They may range in size and scope, but most of the nearly 150 breweries and tasting rooms pouring across greater San Diego have at least one thing in common — their looks. Since the majority operate out of warehouses and business park suites, their brewing equipment prominently featured, there's really only one cost-effective design option: go industrial. And why not? All the restaurants are doing it.
Fresh beer is the number one reason to visit a tasting room, so customers rarely care which color paint a brewery has slapped on their drywall to liven things up. But for those who like a little atmosphere to go with their tasting notes, here are a few spots that have made an effort to go above and beyond the patchworks of reclaimed wood and other contemporary industrial tropes.
Half Door Brewing Co.
The fact Half Door set up its brewpub in a century-old house gave it a decorative head start. From the outside, the Petco Park–adjacent house seems like something out of the American South, each of its two stories fronted by wide, railed porches. Inside, the dark and polished wood bar gives it the warmth of an Irish pub, finished by parquet floors, floral wallpaper, and vintage photographs.
Acoustic Ales Brewing Experiment
Though both occupy red brick buildings built in the early 20th Century, there's no connection between the current Mission Brewery of East Village, and the pre-Prohibition beermaker that lent its name to Mission Brewery Plaza, at the foot of Mission Hills. Acoustic Ales is the only brewery working out of the Plaza these days, where it offers the most comfortable tasting room in the county. Overstuffed leather sofas and chairs invite you to sink in and drink beer in the sort of den-like setting one might expect to take a snifter of brandy.
North Park Beer Co.
With almost 9000 square feet of warehouse to fill, North Park could easily have looked the part of just another urban reclamation project and nobody would have minded. Instead, the brewery enlisted one of the city's most acclaimed restaurant designers, Paul Basile, to craft an elegant space that somehow invokes both Irish pub and 19th-century street corner.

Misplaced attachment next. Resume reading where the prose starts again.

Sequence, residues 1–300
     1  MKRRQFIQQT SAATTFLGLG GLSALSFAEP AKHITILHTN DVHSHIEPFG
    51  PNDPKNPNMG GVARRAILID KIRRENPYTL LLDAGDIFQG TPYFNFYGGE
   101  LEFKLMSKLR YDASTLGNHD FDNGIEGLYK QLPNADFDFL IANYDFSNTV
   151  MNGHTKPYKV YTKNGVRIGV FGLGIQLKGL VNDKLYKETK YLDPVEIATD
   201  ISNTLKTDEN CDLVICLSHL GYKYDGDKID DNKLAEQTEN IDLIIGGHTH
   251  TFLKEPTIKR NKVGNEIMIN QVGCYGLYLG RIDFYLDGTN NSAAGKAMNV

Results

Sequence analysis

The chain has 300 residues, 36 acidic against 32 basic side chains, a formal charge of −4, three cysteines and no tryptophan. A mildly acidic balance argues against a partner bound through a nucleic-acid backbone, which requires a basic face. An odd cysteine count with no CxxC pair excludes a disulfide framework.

Border X Brewing
A couple blocks off Chicano Park in Barrio Logan, Border X exemplifies the expressive spirit of its neighborhood. From tin ceiling medallions to checkered floor tiles, it does its own thing from top to bottom, with walls split between rotating art shows and a quirky collage of cartoonish white on black illustrations.
Modern Times Beer
The Lomaland Fermentorium and North Park's Flavordome each embody the design savvy that's helped Modern Times create international demand for its beer (and merchandise). The Point Loma brewhouse forces attention away from its nuts and bolts with comic-book-pages-as-wallpaper and a post-it note mural of Michael Jackson holding his chimp. The North Park satellite may be summed up in two words: lampshade ceiling.
Kilowatt Brewing Company
This Kearny Mesa brewery can't entirely shake its industrial setting, but when the black lights go on it's an altogether otherworldly experience. Rotating blacklight art sets a unique tone, bolstered by a color-shifting LED bar top reminiscent of a Star Trek drinking venue. This distinctive vision promises to be further embellished when Kilowatt opens a satellite tasting room in Ocean Beach.